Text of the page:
Recommendation engines exist to connect users with options better than something designed for a generic audience. That’s it. Unfortunately, it’s becoming increasingly common to expect recommendation engines to act as a go-to source of information, as though an app could really recommend a better restaurant than a chef.

This problem is virtually difficult to solve. To put a user in touch with the ideal solution to their problem based on dozens of data points or fewer is a statistical impossibility.

Every data scientist knows this. And yet apps, e-commerce sites, and start-ups are launching, betting on the promise that a recommendation engine will act as their selling point. A few companies have the right idea. The rest are missing the mark entirely, because they:

  • Have a relatively small number of recommendations to choose from anyway, rendering the engine effectively pointless.
  • Have a relatively small user base, making it difficult to draw any correlations between their behavior.
  • Have a relatively small number of interactions with each user, making it difficult to segment their users in any meaningful sense.

The idea that these businesses can simply insert their database into a machine learning algorithm, crunch it, and output good recommendations for their users, regardless of the variables, is out of touch with reality.

Is there a better way?

Embracing the Simple Recommendation

The core problem with most recommendation engines is twofold:

  • They make too many recommendations, and they do it too often
  • They attempt to make recommendations that are simply too specific based on the      available data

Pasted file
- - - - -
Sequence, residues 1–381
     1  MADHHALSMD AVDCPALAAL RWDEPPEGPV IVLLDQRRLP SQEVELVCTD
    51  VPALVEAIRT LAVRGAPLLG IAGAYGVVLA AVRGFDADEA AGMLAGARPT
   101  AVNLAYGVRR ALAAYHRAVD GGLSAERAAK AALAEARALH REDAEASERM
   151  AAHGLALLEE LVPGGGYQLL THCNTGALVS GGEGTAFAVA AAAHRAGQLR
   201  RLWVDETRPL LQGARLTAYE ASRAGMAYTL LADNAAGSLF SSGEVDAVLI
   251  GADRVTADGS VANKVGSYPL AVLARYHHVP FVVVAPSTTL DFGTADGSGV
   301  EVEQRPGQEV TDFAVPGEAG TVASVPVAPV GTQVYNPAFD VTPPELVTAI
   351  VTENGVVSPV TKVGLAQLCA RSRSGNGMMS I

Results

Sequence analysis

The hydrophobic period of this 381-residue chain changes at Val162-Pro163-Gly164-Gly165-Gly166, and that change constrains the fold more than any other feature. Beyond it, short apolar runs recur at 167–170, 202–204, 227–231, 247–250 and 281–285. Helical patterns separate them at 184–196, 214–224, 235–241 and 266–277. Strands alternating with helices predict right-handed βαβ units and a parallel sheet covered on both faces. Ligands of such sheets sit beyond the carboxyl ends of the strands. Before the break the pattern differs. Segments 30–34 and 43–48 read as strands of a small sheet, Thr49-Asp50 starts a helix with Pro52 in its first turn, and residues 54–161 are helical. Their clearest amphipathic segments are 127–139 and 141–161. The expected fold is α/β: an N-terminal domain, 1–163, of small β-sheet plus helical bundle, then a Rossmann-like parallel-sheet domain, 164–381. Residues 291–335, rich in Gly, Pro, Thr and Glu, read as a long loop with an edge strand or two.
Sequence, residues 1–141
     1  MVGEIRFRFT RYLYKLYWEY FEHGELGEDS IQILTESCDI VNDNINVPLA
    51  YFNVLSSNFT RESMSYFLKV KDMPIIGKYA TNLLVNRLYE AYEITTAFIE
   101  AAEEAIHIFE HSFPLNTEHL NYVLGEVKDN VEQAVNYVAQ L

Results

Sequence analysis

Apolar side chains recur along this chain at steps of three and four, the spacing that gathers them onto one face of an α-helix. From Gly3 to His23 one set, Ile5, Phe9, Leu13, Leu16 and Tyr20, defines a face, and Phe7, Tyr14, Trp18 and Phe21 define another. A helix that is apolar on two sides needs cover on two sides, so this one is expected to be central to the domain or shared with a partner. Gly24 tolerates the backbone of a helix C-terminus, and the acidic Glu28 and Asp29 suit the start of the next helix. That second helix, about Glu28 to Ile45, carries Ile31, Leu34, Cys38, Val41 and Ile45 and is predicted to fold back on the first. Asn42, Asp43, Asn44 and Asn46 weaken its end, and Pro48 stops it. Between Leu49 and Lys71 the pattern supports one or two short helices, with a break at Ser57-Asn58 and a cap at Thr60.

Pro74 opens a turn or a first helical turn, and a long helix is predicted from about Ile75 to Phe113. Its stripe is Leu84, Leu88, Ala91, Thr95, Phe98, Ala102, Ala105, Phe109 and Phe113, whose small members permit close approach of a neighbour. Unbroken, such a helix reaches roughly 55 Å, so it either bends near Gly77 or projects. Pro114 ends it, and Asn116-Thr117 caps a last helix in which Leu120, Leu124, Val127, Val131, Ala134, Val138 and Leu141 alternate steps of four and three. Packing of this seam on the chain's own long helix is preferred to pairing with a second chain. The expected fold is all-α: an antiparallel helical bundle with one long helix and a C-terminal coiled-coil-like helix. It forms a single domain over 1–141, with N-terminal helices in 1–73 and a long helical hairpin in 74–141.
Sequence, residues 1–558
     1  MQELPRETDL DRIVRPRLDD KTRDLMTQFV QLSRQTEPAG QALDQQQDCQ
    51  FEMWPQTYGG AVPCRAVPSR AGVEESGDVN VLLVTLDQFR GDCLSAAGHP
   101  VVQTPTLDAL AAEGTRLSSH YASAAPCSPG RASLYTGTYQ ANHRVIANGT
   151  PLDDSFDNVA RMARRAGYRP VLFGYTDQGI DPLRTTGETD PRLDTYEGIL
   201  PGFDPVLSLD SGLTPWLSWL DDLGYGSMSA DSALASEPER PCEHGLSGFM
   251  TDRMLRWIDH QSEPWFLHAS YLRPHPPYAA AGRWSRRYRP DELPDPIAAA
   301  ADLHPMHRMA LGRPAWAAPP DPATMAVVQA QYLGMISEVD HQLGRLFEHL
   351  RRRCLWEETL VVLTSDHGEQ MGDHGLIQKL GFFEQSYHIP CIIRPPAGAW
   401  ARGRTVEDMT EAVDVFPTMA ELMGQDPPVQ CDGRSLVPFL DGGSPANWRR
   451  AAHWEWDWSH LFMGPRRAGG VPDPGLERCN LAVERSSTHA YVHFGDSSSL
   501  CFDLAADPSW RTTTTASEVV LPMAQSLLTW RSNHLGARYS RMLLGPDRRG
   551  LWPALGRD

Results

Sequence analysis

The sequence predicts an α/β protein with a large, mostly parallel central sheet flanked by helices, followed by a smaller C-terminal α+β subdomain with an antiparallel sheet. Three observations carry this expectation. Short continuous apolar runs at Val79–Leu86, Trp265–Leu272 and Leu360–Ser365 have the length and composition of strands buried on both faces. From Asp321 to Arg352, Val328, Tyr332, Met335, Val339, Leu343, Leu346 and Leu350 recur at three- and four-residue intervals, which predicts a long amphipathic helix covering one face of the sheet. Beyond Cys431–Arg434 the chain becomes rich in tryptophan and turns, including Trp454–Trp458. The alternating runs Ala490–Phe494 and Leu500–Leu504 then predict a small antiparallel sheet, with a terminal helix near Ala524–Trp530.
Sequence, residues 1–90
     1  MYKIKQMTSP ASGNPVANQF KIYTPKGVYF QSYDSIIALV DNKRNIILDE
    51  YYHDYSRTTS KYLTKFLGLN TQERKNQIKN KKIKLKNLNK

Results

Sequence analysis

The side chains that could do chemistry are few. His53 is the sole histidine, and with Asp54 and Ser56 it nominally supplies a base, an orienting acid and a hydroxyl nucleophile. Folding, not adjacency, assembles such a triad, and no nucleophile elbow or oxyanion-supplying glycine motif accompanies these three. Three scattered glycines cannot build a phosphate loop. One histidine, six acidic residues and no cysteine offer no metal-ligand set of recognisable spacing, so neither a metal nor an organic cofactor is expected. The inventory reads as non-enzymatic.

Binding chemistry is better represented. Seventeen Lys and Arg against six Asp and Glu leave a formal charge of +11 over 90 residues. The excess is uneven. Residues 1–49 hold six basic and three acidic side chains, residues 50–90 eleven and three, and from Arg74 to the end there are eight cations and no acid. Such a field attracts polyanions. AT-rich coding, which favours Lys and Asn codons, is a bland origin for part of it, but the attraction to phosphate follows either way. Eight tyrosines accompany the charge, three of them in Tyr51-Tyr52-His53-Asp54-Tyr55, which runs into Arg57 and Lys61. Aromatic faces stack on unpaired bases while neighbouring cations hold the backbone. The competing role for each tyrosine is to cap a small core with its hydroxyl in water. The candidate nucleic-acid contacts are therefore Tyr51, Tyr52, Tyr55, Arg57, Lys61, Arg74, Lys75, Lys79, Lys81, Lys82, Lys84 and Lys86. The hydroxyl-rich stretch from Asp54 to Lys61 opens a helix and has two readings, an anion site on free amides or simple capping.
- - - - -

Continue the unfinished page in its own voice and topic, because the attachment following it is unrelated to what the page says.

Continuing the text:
Let’s start with that first problem.

Too Many Recommendations, Too Often

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Image Credit: Flickr User Chris Devers

In 1995, Sheena Iyengar, a professor of business at Columbia University, conducted a landmark study into the effect of options on choice. The researchers set up a jam booth at a gourmet store. Every few hours, they switched between a booth with 24 jams and a booth with only 6 jams.

They study discovered that while more people were drawn to the bigger assortment of jams, more people actually bought jam if they saw the smaller assortment.

If your recommendation engine offers too many recommendations, it might paralyze your users into indecision.

Don’t get me wrong: users might like having a large number of options when they visit your site and shop around. Variety might be the thing that draws them to your site. But when you make a recommendation, offering too many options is counterproductive. If a customer asks a waiter for their recommendation, they don’t want to hear twelve options. That’s what the menu is for. A customer who wants a recommendation wants to hear one or two options, maybe 3.

Offering too many recommendations has another downside. It reduces the perceived quality of the recommendations.

In 2005, researcher Kim weaver investigated exactly this problem [PDF link]. A hundred participants were split into “evaluators” and “presenters.” The presenters were supposed to compile a resume of their best work by sharing 1, 2, or 3 publications.

While only 10 percent of the presenters opted to share only their single best work, the evaluators rated these portfolios highest.